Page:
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Courage to Refuse > Press > What makes the IDF unique-By Ze'ev Schiff
What makes the IDF unique-By Ze'ev Schiff 08/03/2004
 
 

Things used to be otherwise. The IDF used to have the uniqueness of an army that helped in the building of a nation, in the absorption of mass immigration, in the creation of a national melting pot and in the advancement of many young people. In this respect this was a glorious army that was probably unparalleled in the 20th century or ever. And so it was until the national consensus was broken because of our control of another people.

 

If we compare the Israel Defense Forces today to the armies of other Western democracies, we will find that it is perhaps the only army that is holding occupied territories and has for decades been controlling another people that is living in them. It is not doing this out of choice. It has found itself in a bear hug without the ability to release itself on its own. The IDF is a disciplined army that is under democratic civilian authority and at this time, this democracy, even if it wanted to, cannot free itself of the control over another people.

 

 

 

 

This, more than anything else, is what makes the IDF unique today. This is a negative distinction that the world is witnessing. It is inconceivable that this is not affecting the IDF and that it will not ultimately erode its morality. The Americans, and the other forces that are aiding them in Iraq, have also defined themselves as an army of occupation, but they repeatedly stress that this is to last for only a relatively short time. The IDF has had this reality forced upon it for decades and there are no real signs of a substantial change in the foreseeable future.

 

Everything that has been said here is not even hinted at in the slightest in the detailed government platform, entitled "The Mission and Uniqueness of the IDF, Israeli-Jewish Identity." This is an issue of utmost importance that came up for a special discussion of a General Staff forum headed by the chief of staff. The importance of this meeting can also be seen in the fact that it was convened in the National Institutions building of the Jewish Agency and the chairman of the Jewish Agency, Sallai Meridor, was invited. The meeting was preceded by a lengthy process that went on for about a year. The first draft of the platform for discussion was prepared by the National Security Council at the Prime Minister's Office and was distributed back in December, 2002. After that, a great deal of time was devoted to preparatory discussions and the baton was passed to the headquarters of the Chief Education and Youth Officer in the IDF. That is, it passed from the hands of the National Security Council into the hands of the IDF.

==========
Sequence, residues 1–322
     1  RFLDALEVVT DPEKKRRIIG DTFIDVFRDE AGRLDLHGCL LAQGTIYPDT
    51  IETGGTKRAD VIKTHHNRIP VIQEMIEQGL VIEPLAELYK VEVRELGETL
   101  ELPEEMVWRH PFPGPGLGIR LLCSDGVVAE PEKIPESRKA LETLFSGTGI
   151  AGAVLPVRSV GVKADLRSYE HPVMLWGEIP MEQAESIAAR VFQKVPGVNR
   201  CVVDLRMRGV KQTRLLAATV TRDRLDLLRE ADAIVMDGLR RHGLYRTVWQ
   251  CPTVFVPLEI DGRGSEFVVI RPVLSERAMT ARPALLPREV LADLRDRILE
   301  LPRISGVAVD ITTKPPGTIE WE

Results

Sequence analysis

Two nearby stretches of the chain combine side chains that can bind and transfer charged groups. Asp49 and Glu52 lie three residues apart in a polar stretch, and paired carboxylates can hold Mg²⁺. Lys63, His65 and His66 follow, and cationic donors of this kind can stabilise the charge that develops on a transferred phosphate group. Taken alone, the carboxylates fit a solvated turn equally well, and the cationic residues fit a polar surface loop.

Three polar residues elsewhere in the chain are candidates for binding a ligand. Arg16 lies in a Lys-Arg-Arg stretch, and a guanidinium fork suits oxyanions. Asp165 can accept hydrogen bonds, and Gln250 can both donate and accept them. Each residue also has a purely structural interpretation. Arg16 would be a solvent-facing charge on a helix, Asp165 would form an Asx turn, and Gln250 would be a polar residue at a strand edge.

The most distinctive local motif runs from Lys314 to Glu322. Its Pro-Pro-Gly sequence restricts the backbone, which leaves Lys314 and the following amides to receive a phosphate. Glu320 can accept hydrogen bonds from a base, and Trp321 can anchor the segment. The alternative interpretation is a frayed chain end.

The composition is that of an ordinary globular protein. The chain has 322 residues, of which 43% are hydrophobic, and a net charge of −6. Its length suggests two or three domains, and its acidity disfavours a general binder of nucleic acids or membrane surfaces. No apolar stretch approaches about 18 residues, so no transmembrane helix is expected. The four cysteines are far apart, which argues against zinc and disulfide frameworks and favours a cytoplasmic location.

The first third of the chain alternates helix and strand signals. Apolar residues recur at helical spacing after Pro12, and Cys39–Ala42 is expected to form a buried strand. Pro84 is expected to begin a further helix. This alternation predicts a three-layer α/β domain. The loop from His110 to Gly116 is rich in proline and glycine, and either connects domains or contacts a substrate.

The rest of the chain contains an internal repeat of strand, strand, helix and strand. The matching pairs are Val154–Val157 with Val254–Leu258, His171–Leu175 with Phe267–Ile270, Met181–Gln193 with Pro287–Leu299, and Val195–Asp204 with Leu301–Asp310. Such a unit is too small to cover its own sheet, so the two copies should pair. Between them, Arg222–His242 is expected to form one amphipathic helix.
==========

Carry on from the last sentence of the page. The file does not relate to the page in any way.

It turns out that only few changes have been introduced into the first platform, even though during this period events have happened that cannot be ignored. Even Prime Minister Ariel Sharon has spoken about "Israeli occupation." Since then we have witnessed two waves of refusal to serve in the IDF. The IDF command overcame these waves of refusal mainly because some of the objectors engaged in group political demonstrations. However, it was clear that beneath the surface, a difficult problem has been developing.

 

It is not surprising that those who are ignoring the problems of controlling another people in the platform of "Mission and Uniqueness" find themselves avoiding the question of refusal to serve in the territories. This is not a question of forgetting or of intellectual inability. The evidence for this is that the writers of the platform were indeed prepared to discuss issues like the service of ultra-Orthodox Jews in the IDF and the sensitive subject of IDF soldiers from minority groups and other religions who have linked themselves to the Jewish people. However, it is not possible to argue that the control of another people, refusal to serve and the occupation are political issues from which the IDF wants to keep its distance. It must speak out loud and clear, certainly when it comes to the moral fortitude that has always been so important to the IDF. What has happened here is an evasion - ostrich-like behavior. And precisely because this is about an army that has a Jewish, democratic identity, it must not be ignored.

 

Things used to be otherwise. The IDF used to have the uniqueness of an army that helped in the building of a nation, in the absorption of mass immigration, in the creation of a national melting pot and in the advancement of many young people. In this respect this was a glorious army that was probably unparalleled in the 20th century or ever. And so it was until the national consensus was broken because of our control of another people. 

 

Link to the article: http://www.haaretz.com/hasen/spages/401416.html


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